See New Birds This Autumn!
Now that fall is here you can be sure that birds all around you are getting ready for winter. Breeding season is for the most part over with the last broods of young birds fledging out of their nests. Birds may molt (lose some feathers) and grow in new ones in preparation for long journeys. They may be getting ready for or may already be migrating to their seasonal homes.
Here are 10 tips to attract more and different birds to your backyard feeders this autumn and winter.
- We suggest you take down all of your feeders and give them a good, thorough cleaning this fall. Scrub all plastic tube and bowl feeders with soap and hot water, rinse throughly and let them dry. Wooden platform feeders should be scraped to remove all debris and also scrubbed thoroughly. Make sure that there is no splintered wood on older feeders that could harm unaware birds.
- Purchase or build a winter roosting box or two. These boxes are similar to nest boxes (birdhouses) but have the door near the bottom of the box and have many perches inside where birds can huddle together to keep warm during inclement weather and long winter nights.
- Take an inventory of the types of feeders currently in your yard. To attract the largest variety of birds to your backyard, you need lots of different types of feeders. You need this season platform feeders, fruit feeders, tube feeders for the small birds, and suet feeders. There are many brands out there so make sure the feeders are well-built and sturdy to last many a season. To check out the quality feeders available at Fiddle Creek Farms click here.
- Leave some leaves on the ground or in your flower beds. Now when have you ever heard someone tell you NOT to rake all your leaves? (Yes, you may print this out and show your spouse!) Bugs and insects will scurry under those leaves, providing food for many different species of birds.
- Think of how you will provide water for birds in the winter. Birds, like all living creatures, need water year-round. Unfortunately, sometimes that water may be frozen. Depending on your climate, you may need to melt frozen bird baths using deicers at times during the colder times. Water can be in formal bird baths, in bowl on the ground, in overturned garbage can lids or in ponds. If you live in a milder climate, you may simply just to remember to keep your water sources filled for the backyard birds. And remember during the fall, to remove fallen leaves from bird baths daily!
- Start stocking up on suet. Suet can be homemade easily or bought at Songbird Garden. When the weather is bitterly cold and you do NOT want to be driving to the store, that is the time the birds desperately need the suet to generate energy to stay warm. So build up a stock of suet. Suet from the store can be stored on your shelf. Save homemade suet in the freezer.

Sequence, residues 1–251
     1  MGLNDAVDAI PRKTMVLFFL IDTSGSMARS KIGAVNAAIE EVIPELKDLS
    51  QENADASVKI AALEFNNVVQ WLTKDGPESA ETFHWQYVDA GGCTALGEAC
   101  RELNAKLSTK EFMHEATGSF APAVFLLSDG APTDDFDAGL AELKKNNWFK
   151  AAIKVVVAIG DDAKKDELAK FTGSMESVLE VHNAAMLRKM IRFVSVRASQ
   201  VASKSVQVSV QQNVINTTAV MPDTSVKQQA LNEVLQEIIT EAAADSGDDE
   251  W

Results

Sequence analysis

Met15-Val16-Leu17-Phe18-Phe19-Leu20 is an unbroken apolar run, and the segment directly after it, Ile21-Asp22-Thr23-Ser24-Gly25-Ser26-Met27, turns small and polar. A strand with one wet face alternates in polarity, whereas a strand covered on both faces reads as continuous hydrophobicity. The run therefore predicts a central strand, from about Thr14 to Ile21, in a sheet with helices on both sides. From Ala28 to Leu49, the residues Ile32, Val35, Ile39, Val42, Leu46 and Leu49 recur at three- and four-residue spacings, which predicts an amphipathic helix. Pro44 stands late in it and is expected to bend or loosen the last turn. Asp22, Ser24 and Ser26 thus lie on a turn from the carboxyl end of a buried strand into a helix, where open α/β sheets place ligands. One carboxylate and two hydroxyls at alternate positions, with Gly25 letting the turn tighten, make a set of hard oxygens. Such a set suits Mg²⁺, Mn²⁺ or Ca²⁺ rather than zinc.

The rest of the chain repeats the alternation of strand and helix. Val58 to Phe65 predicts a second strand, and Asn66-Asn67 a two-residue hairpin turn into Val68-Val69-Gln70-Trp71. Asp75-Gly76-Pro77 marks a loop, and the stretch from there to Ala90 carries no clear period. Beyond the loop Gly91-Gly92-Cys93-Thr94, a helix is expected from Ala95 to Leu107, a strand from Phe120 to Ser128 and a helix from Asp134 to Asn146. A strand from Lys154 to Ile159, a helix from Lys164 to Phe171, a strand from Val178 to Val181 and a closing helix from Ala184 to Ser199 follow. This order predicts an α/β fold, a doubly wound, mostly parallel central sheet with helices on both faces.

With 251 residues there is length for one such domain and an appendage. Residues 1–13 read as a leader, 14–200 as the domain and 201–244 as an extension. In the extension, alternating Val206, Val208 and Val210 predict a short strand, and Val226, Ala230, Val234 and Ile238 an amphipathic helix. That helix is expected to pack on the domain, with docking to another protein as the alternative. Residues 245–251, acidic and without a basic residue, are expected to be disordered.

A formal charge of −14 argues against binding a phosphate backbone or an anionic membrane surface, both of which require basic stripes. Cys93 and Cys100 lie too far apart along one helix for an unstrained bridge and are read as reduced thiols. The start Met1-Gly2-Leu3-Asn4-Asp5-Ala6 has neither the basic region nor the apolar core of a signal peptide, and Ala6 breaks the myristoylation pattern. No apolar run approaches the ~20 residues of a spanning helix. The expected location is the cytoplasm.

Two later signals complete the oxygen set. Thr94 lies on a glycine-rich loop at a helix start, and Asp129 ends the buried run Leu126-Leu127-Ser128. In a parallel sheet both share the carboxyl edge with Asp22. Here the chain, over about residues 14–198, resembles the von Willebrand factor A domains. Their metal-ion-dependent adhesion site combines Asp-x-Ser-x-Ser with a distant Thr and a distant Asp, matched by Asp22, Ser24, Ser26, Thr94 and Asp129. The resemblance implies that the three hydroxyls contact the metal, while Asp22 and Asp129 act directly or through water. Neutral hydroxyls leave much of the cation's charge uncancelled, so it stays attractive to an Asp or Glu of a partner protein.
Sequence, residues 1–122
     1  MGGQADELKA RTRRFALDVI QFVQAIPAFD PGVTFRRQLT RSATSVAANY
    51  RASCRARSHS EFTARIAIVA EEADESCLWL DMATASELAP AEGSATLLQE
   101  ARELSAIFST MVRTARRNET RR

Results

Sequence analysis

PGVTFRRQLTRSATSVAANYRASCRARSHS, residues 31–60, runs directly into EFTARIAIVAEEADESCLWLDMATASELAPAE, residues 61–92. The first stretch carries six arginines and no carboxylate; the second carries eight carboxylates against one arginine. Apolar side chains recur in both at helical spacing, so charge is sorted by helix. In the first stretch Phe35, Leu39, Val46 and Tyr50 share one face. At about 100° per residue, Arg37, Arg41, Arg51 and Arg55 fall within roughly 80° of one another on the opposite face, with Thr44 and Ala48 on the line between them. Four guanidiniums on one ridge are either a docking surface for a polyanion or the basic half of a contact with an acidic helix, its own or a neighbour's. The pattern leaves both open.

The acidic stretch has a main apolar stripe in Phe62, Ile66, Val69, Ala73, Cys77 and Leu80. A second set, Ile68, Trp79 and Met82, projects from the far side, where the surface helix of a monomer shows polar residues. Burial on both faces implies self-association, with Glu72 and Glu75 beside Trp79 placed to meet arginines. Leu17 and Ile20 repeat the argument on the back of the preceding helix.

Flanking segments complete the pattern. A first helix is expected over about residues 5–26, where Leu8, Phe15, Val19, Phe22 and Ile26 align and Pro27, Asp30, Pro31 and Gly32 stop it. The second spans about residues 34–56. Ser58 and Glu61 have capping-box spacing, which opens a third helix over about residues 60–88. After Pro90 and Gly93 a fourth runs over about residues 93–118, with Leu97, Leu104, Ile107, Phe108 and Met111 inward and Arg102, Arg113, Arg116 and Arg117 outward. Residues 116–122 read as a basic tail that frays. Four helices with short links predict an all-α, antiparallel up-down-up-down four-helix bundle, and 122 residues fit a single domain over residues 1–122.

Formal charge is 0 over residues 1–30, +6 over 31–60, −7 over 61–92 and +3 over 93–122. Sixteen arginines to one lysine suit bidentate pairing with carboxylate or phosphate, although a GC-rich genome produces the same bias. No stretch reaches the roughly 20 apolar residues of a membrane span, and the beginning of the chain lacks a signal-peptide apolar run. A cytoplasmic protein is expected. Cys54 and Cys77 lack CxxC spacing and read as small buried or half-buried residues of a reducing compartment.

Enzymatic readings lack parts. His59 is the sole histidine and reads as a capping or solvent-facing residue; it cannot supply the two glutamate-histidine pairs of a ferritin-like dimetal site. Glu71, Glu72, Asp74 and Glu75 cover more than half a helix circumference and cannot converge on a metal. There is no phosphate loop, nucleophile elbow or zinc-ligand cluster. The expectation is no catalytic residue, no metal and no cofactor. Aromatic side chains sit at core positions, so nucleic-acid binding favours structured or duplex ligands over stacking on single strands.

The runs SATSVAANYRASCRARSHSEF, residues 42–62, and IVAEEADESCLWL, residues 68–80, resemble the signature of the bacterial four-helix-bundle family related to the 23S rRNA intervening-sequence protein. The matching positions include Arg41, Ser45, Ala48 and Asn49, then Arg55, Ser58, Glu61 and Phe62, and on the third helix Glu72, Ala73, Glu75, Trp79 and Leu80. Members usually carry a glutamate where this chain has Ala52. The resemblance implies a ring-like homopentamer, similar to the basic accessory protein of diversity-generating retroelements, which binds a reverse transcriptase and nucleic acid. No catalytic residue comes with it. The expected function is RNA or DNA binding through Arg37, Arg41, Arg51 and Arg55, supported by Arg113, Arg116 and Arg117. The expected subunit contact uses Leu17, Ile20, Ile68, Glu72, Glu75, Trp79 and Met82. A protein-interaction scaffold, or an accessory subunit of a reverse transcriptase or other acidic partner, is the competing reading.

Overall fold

- Clean your binoculars and put your field guides near the window. During migration, you may see birds that are unfamilar to you, and those field guides will be perfect to look them up. These travelling birds are on their way to winter homes and thought your yard would be perfect for a drink of water, a bite to eat, and a long snooze. Migrating birds will be very thirsty, hungry and tired so try to keep your feeders well stocked with a variety of food.
- Make sure your seed containers are not full of bugs! Now is the time to inspect them for infestations. Discard rotted or infested seed. Air-tight garbage cans or those with tight fitting lids make wonderful containers to put your bags of seed.
- Leave some dead flowers on their stems in your garden. Many flowers are filled with seed, a natural food source, of course! Zinnias, mums, coneflowers, sunflowers, marigolds and many other flowers are perfect to do this. Unsure whether to leave a certain variety of flower? Try picking one and then pull the flower apart in the center. If you find seeds, then the birds will also.
- And, finally, but not least, keep those hummingbird feeders up until at least Thanksgiving, filled with fresh nectar. Contrary to folklore, hummingbirds WILL begin and continue to migrate if you leave feeders up. It is their internal clock and the changing season that tell the little hummers it is time to hit the trail and get migrating. Please, please keep the feeders up. Natural nectar sources are diminishing and those little birds are VERY hungry when they come around your backyard, looking for food. The latest hummingbirds to migrate are usually those that were born near the end of the summer. If you do not provide feeders, you may cause those youngest birds to perish before they make it to their winter homes.